Making Disciples Can Be Messy

“Preaching to a crowd is safe, but mentoring someone is costly and messy and can hurt your heart” Pete Charpentier

Could this be why our default position of ministry today is planning and paying for big events and hoping that maybe, just maybe people will get in a relationship? One on one discipling can be less than “cost-effective” when it comes to todays score card for ministry success (which is how many? how much? how often?).

My heart is hurting a bit this morning because some I’ve invested in have recently made destructive choices, some are experiencing hardship, some are seeds falling by the road or among thorns. I think I understand in a small way what Paul said to the Galatians who were pursuing a false gospel: “I am again in the anguish of childbirth until Christ is formed in you!” 4:19. This morning, I am also full of joy because others are making progress and growing and tracking with God’s will. I am also humbled to think about those who mentored and discipled me with patience and love and shaped me into what I am today.

I believe one of the greatest questions for leaders is: “Who are you currently mentoring?”

Recently, Pete Charpentier, Pastor at Woodland Park Baptist Church in Hammond, challenged one of our monthly Pastors conferences with the need for one-on-one mentoring in ministry. He gave me permission to share his insights which have stuck with me the past few weeks. Here they are:

  1. Mentoring is multi-pronged in terms of its purpose. It can mean training in a wide array of skills. It also means not being afraid of releasing those we mentor to do the work they are shaped to do.
  2. Mentoring is crucial preparation for life. God prepared Joseph to manage an entire nation by learning to manage and estate under Potiphar.
  3. Mentoring is personal. The best learning involves both the theory of the class and the trenches of life. If what we do on Sunday in the sanctuary doesn’t connect with real life, then is it really leading to growth? Is it possible that the bushel we hide the light of Christ under looks like our sanctuary as we pull people out of the world and don’t lead them to apply truth day to day?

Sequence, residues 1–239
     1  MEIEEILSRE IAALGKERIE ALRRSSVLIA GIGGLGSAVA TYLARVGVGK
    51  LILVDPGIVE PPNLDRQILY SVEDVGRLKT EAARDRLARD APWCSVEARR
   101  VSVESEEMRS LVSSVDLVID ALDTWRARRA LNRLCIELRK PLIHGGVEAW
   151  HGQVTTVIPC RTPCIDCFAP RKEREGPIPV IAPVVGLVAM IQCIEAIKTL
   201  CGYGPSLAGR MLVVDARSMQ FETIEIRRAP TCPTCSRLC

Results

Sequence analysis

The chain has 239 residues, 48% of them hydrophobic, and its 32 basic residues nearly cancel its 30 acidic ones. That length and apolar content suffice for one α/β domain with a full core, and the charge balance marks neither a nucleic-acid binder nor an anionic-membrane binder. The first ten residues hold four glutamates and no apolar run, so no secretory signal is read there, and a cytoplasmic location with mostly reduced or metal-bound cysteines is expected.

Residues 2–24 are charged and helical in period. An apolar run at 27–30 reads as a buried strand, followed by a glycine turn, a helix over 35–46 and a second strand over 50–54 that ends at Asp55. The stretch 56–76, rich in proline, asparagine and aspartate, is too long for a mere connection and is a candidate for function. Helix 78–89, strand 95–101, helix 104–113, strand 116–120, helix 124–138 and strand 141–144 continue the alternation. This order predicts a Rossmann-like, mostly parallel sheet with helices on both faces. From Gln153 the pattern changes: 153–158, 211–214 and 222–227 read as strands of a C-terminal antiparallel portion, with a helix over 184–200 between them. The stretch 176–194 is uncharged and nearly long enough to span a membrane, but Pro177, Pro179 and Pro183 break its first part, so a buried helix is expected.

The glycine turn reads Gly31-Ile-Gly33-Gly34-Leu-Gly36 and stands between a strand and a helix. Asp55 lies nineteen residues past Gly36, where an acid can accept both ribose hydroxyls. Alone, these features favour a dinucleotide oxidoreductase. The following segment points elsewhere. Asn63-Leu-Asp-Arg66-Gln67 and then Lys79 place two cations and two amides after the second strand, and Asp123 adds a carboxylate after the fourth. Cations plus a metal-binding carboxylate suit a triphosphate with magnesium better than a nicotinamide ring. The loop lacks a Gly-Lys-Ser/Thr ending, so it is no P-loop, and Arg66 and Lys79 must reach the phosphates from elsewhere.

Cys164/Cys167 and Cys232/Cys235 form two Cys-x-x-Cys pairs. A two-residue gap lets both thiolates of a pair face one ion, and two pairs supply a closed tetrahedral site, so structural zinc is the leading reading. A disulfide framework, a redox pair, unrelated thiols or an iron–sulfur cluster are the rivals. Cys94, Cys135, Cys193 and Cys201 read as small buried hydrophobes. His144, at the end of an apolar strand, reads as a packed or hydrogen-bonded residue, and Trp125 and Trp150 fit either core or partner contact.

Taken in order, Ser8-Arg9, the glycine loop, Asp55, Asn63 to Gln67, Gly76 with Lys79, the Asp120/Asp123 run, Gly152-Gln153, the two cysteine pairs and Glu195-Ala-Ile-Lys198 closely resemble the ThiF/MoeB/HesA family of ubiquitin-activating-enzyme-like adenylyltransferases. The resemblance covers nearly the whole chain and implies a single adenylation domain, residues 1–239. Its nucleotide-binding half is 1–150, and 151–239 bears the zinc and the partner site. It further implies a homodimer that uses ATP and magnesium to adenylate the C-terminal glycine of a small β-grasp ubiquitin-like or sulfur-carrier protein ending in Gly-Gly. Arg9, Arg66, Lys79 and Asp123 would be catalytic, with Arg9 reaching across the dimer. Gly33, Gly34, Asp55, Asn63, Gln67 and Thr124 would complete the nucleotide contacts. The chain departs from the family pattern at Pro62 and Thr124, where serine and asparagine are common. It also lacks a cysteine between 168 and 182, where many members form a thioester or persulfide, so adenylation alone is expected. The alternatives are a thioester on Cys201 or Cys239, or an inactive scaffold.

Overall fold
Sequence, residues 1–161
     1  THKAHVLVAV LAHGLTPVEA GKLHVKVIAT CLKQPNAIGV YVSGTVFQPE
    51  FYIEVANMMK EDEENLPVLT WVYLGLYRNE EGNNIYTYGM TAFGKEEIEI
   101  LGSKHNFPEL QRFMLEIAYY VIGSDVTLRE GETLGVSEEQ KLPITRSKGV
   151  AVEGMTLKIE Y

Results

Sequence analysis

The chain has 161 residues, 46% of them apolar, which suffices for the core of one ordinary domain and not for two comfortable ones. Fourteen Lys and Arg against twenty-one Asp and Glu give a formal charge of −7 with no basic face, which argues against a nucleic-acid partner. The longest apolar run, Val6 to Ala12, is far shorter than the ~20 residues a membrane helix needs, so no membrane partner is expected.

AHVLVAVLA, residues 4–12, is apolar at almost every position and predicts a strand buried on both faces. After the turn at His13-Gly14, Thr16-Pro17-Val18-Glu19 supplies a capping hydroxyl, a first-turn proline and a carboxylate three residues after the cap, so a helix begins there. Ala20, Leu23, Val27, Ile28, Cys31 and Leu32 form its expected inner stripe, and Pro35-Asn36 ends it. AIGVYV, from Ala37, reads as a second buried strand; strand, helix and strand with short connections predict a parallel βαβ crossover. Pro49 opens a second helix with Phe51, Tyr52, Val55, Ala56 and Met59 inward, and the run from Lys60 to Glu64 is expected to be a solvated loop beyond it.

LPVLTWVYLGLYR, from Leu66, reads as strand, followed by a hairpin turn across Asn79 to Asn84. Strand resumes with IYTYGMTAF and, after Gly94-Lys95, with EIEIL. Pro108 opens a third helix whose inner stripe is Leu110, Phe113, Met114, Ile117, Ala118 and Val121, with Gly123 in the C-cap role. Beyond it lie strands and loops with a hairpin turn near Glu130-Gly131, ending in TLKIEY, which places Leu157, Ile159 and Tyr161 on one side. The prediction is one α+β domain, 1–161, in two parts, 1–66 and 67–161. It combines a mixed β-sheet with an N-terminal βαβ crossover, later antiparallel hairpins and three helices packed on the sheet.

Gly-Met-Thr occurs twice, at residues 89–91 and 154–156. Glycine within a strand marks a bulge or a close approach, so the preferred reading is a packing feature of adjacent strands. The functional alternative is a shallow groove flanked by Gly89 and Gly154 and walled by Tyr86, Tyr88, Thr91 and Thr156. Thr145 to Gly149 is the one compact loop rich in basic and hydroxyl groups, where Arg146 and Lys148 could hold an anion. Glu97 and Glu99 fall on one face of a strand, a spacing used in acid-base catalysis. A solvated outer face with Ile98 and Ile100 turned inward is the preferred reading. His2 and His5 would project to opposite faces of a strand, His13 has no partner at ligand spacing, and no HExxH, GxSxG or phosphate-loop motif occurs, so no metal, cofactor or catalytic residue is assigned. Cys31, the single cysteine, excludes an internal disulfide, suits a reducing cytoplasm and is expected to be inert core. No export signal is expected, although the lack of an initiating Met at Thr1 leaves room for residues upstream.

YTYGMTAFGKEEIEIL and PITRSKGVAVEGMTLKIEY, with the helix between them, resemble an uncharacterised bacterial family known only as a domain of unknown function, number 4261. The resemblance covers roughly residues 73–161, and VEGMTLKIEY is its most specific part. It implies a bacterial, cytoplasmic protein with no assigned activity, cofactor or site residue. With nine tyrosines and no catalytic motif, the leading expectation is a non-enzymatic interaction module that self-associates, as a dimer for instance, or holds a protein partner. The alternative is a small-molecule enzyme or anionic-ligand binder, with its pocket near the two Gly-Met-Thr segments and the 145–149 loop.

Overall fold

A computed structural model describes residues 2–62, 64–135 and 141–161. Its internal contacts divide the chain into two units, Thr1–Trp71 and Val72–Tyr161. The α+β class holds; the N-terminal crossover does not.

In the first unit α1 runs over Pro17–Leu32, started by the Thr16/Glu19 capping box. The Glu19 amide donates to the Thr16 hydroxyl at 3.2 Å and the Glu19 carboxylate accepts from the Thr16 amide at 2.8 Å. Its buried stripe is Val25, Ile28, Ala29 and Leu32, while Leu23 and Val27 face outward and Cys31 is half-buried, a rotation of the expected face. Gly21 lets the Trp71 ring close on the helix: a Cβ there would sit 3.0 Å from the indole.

4. Mentoring cultivates deep relationships. Trust is essential. Insecurity is the enemy of disciple making and mentoring.
  5. Mentoring is rooted in the heart of God. Scripture is filled with illustrations for how God desired to work through people in groups of two or more to accomplish his purposes. Luke 6:12-16, Acts 6:1-6, 13:1-3, 2 Timothy 2:1-2.
  6. Mentoring is effective for making sustained impact. Love this quote: “Decisions are fickle, but disciples are fruitful.”
  7. Mentoring is helping others moved beyond failure and into deeper faithfulness. God uses the support found in personal relationships to encourage and equip others to be over-comers. This is why insecurity can be an enemy. If you take every failure personally, you’ll not stick with someone long enough to help them over-come. How many time should Jesus have given up on the 12, but he led them for three + years and saw them through to be world changers.

Characteristics of Healthy Mentoring Relationships (1 Thessalonians 2:1-20):

  • Sacrifice (1 Thess. 2:1-2). Are you will to give away your cell phone and home #’s?
  • Sincerity (1 Thess. 2:3-6a). Watch out for someone using you to position themselves. And don’t use someone else to position yourself. Sincerely love and desire growth in the individual.
  • Gentleness (1 Thess. 2:6b-9). Discipling is an art not a science.
  • Firmness (1 Thess. 2:10-12). “Open rebuke is better than hidden love.”
  • Respect (1 Thess. 2:13-16).
  • Unending (1 Thess. 2:17-20).

So, who are you discipling/mentoring?

Posted on April 7, 2010, in Discipleship, Ministry. Bookmark the permalink. Leave a comment.

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